That got me to thinking… what graphics would I want on my car, if I could snap my fingers and make them appear? They’d have to be Ontario-based, and they’d have to mean something to me. And, as most Ontario collectors understand, the province is unlikely to redesign its graphic plates to incorporate new colours or wallpaper-style backgrounds, so I won’t bother with that. After thinking about previously established plates, and doing some photoshopping, here now is my wish list, in no particular order: (Permission was not obtained from the copyright holders of any of these logos. But if they discover these images, I hope they are inspired to talk to the MTO and establish a graphic plate. They're welcome for the idea.)
My alma mater, the University of Western Ontario (UWO), is now called Western University. When I was a student there, I would have bought a set of UWO plates in a heartbeat. It’s a huge university——lots of well-known programs, and a beautiful campus, too. But in the 20+ years since I’ve graduated, Western hasn’t ever had a graphic plate, and I myself have had 20 years to become more enamoured with other Ontario institutions. I suspect that a Western plate would be a brisk seller, though.
Lighthouses are cool. Ontario has a lot of them, of course, as it spans the entire north shore of the Great Lakes. But Ontario doesn’t really have a shipping / maritime / lighthouse heritage society, so there isn’t a driving force to put a lighthouse on a plate. The Abino lighthouse (left) is an interesting one, and so is Long Point (right). A proper graphic design would be needed, as opposed to the stock-image approach that I’ve taken here.
I’m a proud Canadian, but I'm not wild about the Canadian flag that is presently offered on Ontario plates. It’s a misshapen caricature of the real thing. There is a specific geometric construct to the leaf, and the flag should be twice as long as it is high. If they just put the au naturel flag on the plate, with no waving and no disproportionate shapes, I’d happily buy one.
CHEO Foundation - The Children’s Hospital of Eastern Ontario is a big deal in this neck of the woods. They’re continually engaging in fundraising to support the hospital, which in turn has benefited both of my children at various points. I don’t know the costs / formulas that are needed for an organization to get its own plate going, and how much support they may receive in return, but a CHEO Foundation plate would probably be a popular choice, if one were available. The same would go for the Sick Kids Foundation in Toronto, but their typeset logo is a bit austere for me.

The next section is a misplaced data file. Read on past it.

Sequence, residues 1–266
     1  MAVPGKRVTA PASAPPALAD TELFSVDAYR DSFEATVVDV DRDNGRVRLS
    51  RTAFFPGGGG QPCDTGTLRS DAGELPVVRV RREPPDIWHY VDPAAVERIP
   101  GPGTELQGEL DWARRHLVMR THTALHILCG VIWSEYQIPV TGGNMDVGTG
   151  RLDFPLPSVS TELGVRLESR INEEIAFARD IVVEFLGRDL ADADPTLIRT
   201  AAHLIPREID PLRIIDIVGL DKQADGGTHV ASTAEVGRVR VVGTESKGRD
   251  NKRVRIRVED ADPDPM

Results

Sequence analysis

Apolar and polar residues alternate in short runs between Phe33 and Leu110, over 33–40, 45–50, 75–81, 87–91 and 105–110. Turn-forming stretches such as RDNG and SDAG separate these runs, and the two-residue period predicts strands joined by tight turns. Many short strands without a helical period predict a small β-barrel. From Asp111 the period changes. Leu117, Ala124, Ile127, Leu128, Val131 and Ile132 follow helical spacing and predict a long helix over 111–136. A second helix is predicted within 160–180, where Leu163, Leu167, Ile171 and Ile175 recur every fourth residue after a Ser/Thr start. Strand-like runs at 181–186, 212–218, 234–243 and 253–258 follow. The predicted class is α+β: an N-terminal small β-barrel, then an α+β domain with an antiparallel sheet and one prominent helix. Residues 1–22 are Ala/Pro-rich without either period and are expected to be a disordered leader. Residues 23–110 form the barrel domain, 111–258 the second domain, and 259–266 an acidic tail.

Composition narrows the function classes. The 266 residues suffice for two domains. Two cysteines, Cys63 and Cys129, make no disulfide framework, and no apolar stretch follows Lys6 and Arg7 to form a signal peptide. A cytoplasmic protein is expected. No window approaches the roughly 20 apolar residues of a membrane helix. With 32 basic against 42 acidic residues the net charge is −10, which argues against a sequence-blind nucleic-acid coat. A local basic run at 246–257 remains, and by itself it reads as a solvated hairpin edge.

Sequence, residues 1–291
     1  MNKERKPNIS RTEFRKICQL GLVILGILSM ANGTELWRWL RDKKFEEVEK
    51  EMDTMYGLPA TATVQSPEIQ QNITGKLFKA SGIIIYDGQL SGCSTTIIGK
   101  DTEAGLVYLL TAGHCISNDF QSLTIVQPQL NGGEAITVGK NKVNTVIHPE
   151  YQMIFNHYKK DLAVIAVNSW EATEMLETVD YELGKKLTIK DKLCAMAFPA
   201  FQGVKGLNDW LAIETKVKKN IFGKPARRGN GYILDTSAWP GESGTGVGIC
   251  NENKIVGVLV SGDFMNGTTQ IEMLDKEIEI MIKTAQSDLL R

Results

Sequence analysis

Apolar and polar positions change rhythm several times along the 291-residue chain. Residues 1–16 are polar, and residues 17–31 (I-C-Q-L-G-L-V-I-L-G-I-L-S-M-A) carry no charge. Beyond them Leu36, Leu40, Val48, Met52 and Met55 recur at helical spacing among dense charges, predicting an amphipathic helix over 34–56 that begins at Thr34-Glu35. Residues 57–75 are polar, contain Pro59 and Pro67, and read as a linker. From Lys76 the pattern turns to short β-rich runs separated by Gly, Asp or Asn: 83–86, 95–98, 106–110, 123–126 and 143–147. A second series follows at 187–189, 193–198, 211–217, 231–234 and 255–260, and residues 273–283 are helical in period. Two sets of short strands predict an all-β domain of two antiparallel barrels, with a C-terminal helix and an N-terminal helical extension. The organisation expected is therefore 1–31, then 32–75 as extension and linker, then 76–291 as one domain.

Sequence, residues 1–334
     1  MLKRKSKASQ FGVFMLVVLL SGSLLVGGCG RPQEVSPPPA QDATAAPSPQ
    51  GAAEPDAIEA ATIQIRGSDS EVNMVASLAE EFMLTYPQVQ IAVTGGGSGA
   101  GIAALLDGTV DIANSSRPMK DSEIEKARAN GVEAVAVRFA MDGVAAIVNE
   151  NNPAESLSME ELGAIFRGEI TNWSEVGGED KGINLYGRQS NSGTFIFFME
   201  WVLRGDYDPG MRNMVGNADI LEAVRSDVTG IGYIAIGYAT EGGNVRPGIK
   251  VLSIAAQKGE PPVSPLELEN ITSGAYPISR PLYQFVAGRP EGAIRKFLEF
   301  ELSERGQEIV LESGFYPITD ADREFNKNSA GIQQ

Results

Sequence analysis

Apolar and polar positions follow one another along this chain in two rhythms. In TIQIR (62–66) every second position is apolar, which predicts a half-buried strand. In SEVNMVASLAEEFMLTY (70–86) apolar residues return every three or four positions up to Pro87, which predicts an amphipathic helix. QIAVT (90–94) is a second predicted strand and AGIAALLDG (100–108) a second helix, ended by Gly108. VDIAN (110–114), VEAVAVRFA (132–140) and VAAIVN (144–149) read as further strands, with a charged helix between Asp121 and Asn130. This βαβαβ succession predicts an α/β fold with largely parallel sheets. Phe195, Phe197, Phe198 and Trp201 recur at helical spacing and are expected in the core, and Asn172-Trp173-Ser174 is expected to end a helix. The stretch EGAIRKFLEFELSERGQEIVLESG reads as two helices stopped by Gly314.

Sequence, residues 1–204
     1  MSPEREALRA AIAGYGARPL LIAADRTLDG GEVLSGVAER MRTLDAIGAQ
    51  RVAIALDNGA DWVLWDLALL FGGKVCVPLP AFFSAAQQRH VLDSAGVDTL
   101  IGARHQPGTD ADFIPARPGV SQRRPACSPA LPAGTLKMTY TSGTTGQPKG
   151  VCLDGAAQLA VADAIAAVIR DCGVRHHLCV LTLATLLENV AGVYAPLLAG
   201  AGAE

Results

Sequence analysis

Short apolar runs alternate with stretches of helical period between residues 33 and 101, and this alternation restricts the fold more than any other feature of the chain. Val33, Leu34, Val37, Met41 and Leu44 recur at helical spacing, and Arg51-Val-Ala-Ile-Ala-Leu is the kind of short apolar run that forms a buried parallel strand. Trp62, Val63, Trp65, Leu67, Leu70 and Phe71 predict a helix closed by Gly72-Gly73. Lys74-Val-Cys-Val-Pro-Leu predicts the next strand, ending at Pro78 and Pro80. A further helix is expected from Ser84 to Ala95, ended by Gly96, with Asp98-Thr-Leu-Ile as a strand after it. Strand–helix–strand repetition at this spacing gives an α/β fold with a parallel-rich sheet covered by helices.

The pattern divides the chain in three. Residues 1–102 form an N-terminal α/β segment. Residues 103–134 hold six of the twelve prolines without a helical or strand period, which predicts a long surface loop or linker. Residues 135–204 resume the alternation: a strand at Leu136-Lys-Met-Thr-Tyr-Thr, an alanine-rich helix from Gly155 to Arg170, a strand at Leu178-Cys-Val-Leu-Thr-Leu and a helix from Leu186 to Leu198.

Everybody goes to visit the CN Tower at some point. Every picture of the Toronto skyline includes it. Drake used it as a nod to his hometown on his recent album cover. It needn’t be a skinny vertical needle, nor need it be a regurgitated corporate logo. With a bit of artistic imagination, it could be a reasonably popular choice. As for this graphic, it took five minutes to splice two images together. A pro could do better. Point is, a CN Tower plate would be cool.
I have long been a big fan of Gord Downie, and I was moved by his efforts to bring aboriginal history, mistreatment and awareness into the national consciousness. I’ll say it again: I don’t know the ins and outs of charitable fundraising, but an opportunity might exist to boost the Downie-Wenjack Fund through a plate like this. Supporters of aboriginal reconciliation and CanRock fans alike would be interested in this. I’d add this one to my collection, after letting my car wear it for a while.
Ontario has a giant pool of junior hockey talent, and the OHL has four divisions’ worth of teams with enthusiastic fan bases. Why not have OHL plates? Since the MTO seems to be printing off specific "Tant À Découvrir" graphic plates one pair at a time as they are ordered, it seems reasonable that someone could order a next-from-box OHL plate, with a number like 01OH36, and just specify their OHL team of choice. Having grown up in Sault Ste. Marie——the junior home of Gretzky, Hartsburg, Vanbiesbrouck, Thornton, and others——I’d order a Hounds plate quicker than a Thornton slapshot. Imagine the possibilities! Windsor Spitfires, Ottawa 67s, Erie Otters… One need not be a Leafs or Senators loyalist to be a hockey fan in Ontario.